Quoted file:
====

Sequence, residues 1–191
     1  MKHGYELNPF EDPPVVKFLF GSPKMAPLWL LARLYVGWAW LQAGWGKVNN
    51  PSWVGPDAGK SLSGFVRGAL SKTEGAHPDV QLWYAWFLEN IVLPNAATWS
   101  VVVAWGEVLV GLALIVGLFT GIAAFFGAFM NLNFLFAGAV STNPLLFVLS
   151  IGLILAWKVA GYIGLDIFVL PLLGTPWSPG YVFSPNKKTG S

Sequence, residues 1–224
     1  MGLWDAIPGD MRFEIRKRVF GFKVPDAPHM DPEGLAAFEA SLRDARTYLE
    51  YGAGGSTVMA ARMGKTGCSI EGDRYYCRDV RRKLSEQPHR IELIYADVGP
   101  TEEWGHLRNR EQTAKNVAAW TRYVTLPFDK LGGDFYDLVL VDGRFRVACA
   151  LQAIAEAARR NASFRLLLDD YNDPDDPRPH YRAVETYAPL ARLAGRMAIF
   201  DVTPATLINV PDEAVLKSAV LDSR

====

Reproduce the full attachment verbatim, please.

Sequence, residues 1–191
     1  MKHGYELNPF EDPPVVKFLF GSPKMAPLWL LARLYVGWAW LQAGWGKVNN
    51  PSWVGPDAGK SLSGFVRGAL SKTEGAHPDV QLWYAWFLEN IVLPNAATWS
   101  VVVAWGEVLV GLALIVGLFT GIAAFFGAFM NLNFLFAGAV STNPLLFVLS
   151  IGLILAWKVA GYIGLDIFVL PLLGTPWSPG YVFSPNKKTG S

Sequence, residues 1–224
     1  MGLWDAIPGD MRFEIRKRVF GFKVPDAPHM DPEGLAAFEA SLRDARTYLE
    51  YGAGGSTVMA ARMGKTGCSI EGDRYYCRDV RRKLSEQPHR IELIYADVGP
   101  TEEWGHLRNR EQTAKNVAAW TRYVTLPFDK LGGDFYDLVL VDGRFRVACA
   151  LQAIAEAARR NASFRLLLDD YNDPDDPRPH YRAVETYAPL ARLAGRMAIF
   201  DVTPATLINV PDEAVLKSAV LDSR